A considerable part of your roofing projects' project management is minimizing nonproductive activities that cost your company additional expenses and cause delays. These non-favorable activities include looking for missing project data, dealing with conflict resolution, and correcting mistakes that should have been avoided. To improve the efficiency of your roofing projects, below are some tips to reduce nonproductive activities.
- Review the flow of your decision-making process. Take a close look at your daily site activities and operations. Review how the decision-making flows starting from when it first surfaces. Reviewing your current strategy will allow you to identify areas where you can improve and speed up your workflow creating a more efficient operation moving forward.
- Measure the current level of productivity. With data, your management team can pinpoint flaws in the workflow and streamline the operation. Creating a performance-based incentive program to reward your crew members and supervisors who meet and beat project budget benchmarks encourages an efficient project workflow.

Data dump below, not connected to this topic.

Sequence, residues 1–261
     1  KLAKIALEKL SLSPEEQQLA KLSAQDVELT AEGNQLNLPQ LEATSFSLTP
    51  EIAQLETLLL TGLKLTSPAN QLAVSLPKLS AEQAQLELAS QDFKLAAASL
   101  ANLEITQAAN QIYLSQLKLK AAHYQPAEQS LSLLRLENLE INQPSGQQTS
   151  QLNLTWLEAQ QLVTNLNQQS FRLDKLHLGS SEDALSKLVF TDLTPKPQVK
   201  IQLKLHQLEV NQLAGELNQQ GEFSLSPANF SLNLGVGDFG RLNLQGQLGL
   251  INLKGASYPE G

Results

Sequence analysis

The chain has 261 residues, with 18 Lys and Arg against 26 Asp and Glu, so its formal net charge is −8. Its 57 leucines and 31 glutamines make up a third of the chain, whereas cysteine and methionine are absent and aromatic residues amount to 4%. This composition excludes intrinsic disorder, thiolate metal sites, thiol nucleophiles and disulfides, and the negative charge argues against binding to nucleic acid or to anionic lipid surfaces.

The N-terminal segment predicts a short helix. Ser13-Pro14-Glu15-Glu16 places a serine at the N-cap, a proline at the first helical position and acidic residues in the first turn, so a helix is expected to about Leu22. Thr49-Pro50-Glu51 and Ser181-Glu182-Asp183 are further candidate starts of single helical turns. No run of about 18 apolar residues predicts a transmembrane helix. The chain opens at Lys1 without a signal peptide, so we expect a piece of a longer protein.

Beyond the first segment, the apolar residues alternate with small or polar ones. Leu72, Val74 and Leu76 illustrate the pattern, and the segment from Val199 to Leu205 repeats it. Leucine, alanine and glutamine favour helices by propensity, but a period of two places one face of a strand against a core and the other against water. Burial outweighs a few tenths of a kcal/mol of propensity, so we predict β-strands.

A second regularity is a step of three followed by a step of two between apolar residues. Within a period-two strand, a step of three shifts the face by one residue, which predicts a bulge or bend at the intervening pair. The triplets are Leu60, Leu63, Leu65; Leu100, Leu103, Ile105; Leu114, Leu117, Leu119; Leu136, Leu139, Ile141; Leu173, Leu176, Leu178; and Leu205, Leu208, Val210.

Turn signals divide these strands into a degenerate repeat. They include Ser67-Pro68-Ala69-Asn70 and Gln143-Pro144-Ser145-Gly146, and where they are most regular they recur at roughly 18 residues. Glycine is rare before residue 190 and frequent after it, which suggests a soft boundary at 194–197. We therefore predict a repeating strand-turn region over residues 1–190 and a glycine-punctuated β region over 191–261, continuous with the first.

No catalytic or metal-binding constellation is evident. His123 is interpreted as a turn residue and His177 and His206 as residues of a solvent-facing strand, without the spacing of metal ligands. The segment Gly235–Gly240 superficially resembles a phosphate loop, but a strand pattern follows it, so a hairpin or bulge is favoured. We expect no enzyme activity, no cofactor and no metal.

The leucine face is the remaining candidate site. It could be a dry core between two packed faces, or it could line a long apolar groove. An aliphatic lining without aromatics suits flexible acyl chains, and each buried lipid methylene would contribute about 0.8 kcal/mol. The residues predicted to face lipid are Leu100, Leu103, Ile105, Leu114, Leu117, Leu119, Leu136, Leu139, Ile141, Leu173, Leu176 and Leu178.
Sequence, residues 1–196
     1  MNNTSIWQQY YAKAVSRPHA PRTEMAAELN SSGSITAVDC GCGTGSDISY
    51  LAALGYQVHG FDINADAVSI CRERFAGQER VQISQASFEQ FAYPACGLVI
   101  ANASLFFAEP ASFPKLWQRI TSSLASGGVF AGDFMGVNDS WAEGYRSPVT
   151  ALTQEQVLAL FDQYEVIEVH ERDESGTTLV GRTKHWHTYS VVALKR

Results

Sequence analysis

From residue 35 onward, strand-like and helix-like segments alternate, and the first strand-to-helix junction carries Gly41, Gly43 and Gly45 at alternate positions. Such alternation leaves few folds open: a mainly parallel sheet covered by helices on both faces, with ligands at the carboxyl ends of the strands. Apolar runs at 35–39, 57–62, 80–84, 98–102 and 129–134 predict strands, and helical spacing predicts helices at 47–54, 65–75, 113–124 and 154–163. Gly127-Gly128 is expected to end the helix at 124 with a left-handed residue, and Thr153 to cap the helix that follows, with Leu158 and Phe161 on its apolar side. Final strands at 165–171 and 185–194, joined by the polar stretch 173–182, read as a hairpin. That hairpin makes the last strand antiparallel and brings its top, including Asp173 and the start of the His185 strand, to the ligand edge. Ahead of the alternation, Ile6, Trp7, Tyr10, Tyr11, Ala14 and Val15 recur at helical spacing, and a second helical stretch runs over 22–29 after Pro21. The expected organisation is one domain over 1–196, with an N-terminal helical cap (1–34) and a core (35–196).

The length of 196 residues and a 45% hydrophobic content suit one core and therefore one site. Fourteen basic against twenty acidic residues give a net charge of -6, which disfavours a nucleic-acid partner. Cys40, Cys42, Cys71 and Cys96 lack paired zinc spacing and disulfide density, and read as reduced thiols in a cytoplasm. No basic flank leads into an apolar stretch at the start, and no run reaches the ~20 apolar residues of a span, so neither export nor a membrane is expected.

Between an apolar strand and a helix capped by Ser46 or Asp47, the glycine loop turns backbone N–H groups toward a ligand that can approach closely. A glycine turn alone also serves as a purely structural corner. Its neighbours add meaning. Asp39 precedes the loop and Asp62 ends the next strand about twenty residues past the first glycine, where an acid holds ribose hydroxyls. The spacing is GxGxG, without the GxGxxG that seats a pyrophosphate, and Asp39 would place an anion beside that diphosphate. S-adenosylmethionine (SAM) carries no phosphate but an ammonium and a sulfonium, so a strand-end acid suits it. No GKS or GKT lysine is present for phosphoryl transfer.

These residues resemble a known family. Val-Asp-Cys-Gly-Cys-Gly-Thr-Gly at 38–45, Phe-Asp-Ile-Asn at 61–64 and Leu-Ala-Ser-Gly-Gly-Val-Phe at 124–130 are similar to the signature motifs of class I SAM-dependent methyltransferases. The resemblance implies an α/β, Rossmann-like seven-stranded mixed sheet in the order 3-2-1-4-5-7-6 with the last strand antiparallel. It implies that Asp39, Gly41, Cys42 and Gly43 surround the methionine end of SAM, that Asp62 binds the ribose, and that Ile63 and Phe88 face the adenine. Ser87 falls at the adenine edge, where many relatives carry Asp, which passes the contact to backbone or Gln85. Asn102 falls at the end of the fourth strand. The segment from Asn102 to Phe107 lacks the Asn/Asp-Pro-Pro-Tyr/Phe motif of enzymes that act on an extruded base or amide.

- Establish an efficient communication procedure. Slow decision making stems from a lack of a proper communication system and creates issues. Multiple projects spread out geographically, and key decision-makers often located back in the home office compound the situation. Find ways to eliminate delays in communicating with upper management in real-time. Also, set regular meetings (huddles) where your key decision-makers can ask and answer questions, brainstorm ideas, and review projects' progress.
Manage your worksite; Embrace technology